Updated: Aug 10, 2019
What is it?
Arrhythmias are abnormal rhythms of heartbeats. If left untreated, heart contractions can become less efficient which increases the risk of blood clots and strokes.
Cardioversions are used as a treatment for arrhythmias such as atrial fibrillation, atrial flutters and tachycardias. Arrhythmias are accompanied by symptoms such as feeling faint, chest pain, loss of breath, low blood pressure or loss of consciousness.
A DC cardioversion (DCC) is a procedure aimed at converting an arrhythmia back to a normal heart rhythm. This is done in a hospital where you can be closely monitored to ensure your oxygen levels, blood pressure and heartbeat are stable. The procedure occurs under a general anaesthetic using a defibrillator which sends an electric signal or shock to your heart, through electrodes placed on your chest. This disrupts the irregular heartbeat, therefore, resulting in heartbeat being reset back to normal. The brief interruption of the arrhythmia gives the heart’s electrical system to restore a normal heartbeat.
What happens during the procedure?
Before the procedure, your doctor would likely have prescribed a blood-thinner or anticoagulant, such as Warfarin, which stops the blood clotting and reduces the risk of stroke. It is also likely that you will be prescribed anti-arrhythmic medication in the form of tablets before and after the procedure.
You will lie down and have two electrodes stuck to your chest and back. Once the general anaesthetic has kicked in, an electrical current is delivered to your heart through your chest.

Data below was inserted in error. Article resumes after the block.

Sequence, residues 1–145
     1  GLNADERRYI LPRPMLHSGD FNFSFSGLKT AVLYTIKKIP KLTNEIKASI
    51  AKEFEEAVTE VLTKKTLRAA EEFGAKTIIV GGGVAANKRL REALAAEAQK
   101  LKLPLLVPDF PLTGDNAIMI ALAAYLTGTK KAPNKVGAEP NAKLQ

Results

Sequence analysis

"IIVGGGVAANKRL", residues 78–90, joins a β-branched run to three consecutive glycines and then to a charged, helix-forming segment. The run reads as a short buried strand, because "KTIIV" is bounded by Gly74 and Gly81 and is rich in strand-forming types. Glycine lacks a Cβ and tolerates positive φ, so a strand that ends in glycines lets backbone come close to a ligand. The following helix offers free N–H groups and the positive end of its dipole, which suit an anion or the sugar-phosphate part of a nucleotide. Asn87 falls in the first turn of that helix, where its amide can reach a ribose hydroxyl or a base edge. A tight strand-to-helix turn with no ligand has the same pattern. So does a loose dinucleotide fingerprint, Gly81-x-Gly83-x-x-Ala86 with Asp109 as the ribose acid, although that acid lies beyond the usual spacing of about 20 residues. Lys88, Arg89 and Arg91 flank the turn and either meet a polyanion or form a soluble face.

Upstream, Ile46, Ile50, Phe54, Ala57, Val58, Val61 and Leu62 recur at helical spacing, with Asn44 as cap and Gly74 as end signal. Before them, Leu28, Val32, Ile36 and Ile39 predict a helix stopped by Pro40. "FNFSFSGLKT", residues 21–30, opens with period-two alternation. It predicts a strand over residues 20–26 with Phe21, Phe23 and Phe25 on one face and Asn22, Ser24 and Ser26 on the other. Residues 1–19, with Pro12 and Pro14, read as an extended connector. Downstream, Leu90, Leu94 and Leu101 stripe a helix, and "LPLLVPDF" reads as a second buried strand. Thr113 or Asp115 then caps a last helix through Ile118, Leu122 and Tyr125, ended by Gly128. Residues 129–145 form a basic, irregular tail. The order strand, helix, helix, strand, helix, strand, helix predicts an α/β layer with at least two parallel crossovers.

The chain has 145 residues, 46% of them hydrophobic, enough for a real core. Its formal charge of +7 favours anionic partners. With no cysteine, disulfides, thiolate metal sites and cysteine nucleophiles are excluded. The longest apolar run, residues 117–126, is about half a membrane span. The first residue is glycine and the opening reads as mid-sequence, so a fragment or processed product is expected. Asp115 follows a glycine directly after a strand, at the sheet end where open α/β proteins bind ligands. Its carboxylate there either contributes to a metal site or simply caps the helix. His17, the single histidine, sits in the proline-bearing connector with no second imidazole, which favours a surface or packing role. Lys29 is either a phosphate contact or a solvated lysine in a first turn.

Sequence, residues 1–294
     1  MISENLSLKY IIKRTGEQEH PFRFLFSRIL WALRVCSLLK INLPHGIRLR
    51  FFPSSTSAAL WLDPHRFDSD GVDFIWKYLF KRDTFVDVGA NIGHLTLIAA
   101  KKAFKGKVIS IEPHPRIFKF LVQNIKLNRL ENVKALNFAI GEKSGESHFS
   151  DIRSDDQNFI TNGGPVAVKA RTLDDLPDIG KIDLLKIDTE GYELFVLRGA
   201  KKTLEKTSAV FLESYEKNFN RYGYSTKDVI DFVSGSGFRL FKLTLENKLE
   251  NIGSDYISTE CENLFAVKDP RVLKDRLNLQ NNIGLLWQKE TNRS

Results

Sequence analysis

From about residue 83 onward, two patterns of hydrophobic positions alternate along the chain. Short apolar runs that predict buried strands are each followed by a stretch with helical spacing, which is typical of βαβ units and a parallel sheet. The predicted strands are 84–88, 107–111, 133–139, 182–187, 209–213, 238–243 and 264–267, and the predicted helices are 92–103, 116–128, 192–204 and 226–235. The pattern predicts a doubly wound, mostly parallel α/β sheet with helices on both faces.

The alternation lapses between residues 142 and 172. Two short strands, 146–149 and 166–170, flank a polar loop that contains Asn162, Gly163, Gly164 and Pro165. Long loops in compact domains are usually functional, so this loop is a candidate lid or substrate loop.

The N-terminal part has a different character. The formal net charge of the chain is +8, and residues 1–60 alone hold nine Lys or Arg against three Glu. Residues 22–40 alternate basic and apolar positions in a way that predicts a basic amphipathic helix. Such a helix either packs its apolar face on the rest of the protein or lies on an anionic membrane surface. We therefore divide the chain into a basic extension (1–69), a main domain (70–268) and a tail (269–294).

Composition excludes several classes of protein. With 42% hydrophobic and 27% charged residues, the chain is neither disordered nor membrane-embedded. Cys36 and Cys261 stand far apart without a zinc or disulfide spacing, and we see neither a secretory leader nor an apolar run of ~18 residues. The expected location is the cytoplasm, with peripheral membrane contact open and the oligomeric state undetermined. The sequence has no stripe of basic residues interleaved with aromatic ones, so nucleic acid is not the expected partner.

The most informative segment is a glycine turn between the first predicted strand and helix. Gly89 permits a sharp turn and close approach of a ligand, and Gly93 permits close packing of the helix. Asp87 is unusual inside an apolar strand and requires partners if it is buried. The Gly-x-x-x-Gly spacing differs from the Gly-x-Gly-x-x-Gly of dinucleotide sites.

After around 10 minutes, you should have fully recovered and be able to go home soon after.
What happens after the procedure?
Due to the nature of a general anaesthetic, it will likely be advised that you do not drive or work for a couple of days after your procedure. It is unlikely that you will feel unwell but it’s helpful to have someone on call for 24 hours after, should you have any side effects. After 48 hours, you should be able to gradually get back to your normal activity levels.
It is possible that a cardioversion won’t be successful the first time and, therefore, it is possible to have more than one. There is no limit to have many an individual can have but the decision for further procedures is guided by your doctor and the chance of success of future procedures. This is based on how quickly your arrhythmia returned, whether you experienced any side effects or whether there is a cause of your arrhythmia that can be treated directly.
Side effects are uncommon and usually temporary with cardioversions. However, they are not impossible.
You may experience headaches and light-headedness after your procedure due to the reduced blood pressure. You may also experience discomfort around the area on the chest where the shock was given.
The most common side effect is nausea which does not originate from the procedure itself, but the general anaesthetic.
Are there any risks with this procedure?
As always, there are risks related with heart procedures. These can include:
A blood clot may dislodge and cause a stroke. As mentioned earlier, the doctor will likely prescribe anticoagulants to reduce this risk and there is currently only a 1% risk of this occurring.
You may have a reaction to the sedative or general anaesthetic given before the procedure. However, this is rare.
You may experience small burns on the chest and back from the electrodes.
You may experience muscle ache across the chest and back due to the muscle contraction when the shock is delivered.
The procedure may not work. However, it is possible to have a subsequent cardioversion.
In very rare cases, the anti-arrhythmic medication can cause complications to your heartbeat further.
This article is intended to inform and give insight but not treat, diagnose or replace the advice of a doctor. Always seek medical advice with any questions regarding a medical condition